"It clearly accelerates risk when you don't have adequate conditions," says Dan Gregorie of the Calfornia-based SnowSport Safety Foundation. Yet some Colorado ski areas have reportedly been crowded despite worrisome snowpack levels that will likely remain below normal even after mountain snows forecast for later this week.
In "Ski Resorts in Colorado and Beyond Are Hiding Risks, Safety Advocate Says," published this past May, we noted that Gregorie is a physician who's spent much of his career involved with quality and safety management in the health-care industry. He created the foundation in 2006, after his 24-year-old daughter died after an accident at a California resort, and for the past decade-plus, he's argued in favor of requiring that ski areas develop and make public safety plans and statistics. To date, none have done so because, in his opinion, any acknowledgement that accidents might be partly the fault of the resort, as opposed to the individual skier, could result in costly judgments against them in cases of injury or death.
At present, there are no political efforts under way in Colorado to change this system. That means, among other things, that ski resorts or industry groups such as Colorado Ski Country USA or the National Ski Areas Association will continue to be responsible for informing the public about deaths at resorts, even though they tend to release the smallest amount of information possible about each episode as a way of minimizing negative publicity.
"When there either is a deficit of snow or an excess of snow, it creates conditions that aren't usual," Gregorie says. "And when you create conditions that aren't usual, you change the awareness of the skiing population in terms of what they're used to. So I would expect that a lack of snow would increase the risk of injury."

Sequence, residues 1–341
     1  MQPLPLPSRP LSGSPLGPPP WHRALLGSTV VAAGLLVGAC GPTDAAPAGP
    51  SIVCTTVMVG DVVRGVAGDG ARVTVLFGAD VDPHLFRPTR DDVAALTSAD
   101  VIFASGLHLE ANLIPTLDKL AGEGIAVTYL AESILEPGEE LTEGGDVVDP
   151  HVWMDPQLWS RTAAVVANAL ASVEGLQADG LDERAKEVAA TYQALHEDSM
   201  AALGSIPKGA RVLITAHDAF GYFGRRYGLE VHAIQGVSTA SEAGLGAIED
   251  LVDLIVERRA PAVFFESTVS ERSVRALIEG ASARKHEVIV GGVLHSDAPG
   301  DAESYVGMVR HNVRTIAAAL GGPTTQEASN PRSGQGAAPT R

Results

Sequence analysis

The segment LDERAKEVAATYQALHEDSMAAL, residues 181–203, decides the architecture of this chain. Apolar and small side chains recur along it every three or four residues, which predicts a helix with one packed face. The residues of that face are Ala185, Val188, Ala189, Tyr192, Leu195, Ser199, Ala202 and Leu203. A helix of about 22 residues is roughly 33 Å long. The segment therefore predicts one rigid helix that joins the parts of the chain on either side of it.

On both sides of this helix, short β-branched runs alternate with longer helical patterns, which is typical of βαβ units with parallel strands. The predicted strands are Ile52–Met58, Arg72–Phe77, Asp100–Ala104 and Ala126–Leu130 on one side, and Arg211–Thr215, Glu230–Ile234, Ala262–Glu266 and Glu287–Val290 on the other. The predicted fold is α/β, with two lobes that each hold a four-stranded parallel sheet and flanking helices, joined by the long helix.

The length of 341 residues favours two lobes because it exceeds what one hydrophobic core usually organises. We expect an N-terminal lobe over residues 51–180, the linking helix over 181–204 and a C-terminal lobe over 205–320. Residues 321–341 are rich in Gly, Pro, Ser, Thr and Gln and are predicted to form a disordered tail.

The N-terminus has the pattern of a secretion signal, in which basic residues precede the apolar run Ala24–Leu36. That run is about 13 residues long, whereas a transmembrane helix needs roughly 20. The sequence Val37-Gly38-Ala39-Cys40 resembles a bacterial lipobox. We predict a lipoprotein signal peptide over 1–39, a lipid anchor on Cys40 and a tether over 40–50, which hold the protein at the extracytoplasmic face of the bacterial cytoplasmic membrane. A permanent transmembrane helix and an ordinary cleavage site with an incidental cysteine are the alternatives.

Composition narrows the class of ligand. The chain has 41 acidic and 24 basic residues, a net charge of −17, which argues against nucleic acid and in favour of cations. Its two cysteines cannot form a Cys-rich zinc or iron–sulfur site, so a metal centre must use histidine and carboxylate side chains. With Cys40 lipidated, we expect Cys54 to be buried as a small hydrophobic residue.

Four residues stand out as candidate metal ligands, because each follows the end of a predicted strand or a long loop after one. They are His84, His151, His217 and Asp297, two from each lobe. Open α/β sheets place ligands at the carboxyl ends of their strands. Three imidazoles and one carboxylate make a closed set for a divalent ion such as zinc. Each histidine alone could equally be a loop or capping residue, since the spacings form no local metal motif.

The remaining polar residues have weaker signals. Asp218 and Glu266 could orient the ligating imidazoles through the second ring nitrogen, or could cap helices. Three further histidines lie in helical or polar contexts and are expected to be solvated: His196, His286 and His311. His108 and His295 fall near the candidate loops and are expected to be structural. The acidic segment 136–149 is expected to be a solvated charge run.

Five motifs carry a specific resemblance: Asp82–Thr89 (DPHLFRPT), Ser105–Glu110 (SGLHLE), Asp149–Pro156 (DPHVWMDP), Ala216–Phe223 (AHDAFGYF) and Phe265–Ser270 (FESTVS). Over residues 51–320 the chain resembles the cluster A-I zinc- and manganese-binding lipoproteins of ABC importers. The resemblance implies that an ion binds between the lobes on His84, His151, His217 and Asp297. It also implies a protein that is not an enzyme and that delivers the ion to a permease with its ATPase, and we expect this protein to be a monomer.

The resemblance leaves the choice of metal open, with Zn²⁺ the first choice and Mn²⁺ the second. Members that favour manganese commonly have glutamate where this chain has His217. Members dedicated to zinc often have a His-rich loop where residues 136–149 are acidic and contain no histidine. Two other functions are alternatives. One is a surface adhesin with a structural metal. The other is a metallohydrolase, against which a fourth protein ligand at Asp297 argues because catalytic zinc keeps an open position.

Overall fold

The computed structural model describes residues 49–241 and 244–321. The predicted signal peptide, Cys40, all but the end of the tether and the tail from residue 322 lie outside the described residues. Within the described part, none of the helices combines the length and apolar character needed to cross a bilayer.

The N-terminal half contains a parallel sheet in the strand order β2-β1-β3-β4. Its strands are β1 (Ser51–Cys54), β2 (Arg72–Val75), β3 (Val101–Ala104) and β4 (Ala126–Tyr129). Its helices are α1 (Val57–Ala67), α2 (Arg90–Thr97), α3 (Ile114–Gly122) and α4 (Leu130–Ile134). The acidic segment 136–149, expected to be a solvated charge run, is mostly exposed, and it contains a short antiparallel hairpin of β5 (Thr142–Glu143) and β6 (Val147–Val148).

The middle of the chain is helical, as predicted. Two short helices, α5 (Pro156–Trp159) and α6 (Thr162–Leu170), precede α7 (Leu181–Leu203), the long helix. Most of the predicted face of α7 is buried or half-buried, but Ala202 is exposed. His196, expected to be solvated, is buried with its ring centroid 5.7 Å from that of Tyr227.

For that reason, Gregorie thinks ski areas "ought to have safety plans that make adjustments for low and high snow conditions — and high snow conditions put you at risk of avalanches, which are not an infrequent occurrence in Colorado. But last year, the Colorado Supreme Court ruled that avalanches are to be considered an inherent risk of skiing — which basically means the resorts can't be held responsible for injuries or deaths from avalanches. And that's a really crazy position to take, because it removes any inherent reason to try to prevent avalanches. Just because something is an inherent risk doesn't mean it can't be mitigated. But by absolving resorts from responsibility, the court has removed all incentive for them to do anything. If you don't have consequences, people tend not to be as conscientious."
Without any information definitively showing that a lack of snow increases risks or has no effect at all, folks are left to decide for themselves if they should strap on their skis despite the lack of snow or wait until conditions are better. But Gregorie, who is considering bringing the SnowSport Safety Foundation to Colorado to produce the same kind of online report card his organization has produced for resorts in California and Nevada (click to see the grades given out thus far), urges caution during times when the white stuff is scarce.
According to him, "It's just common sense."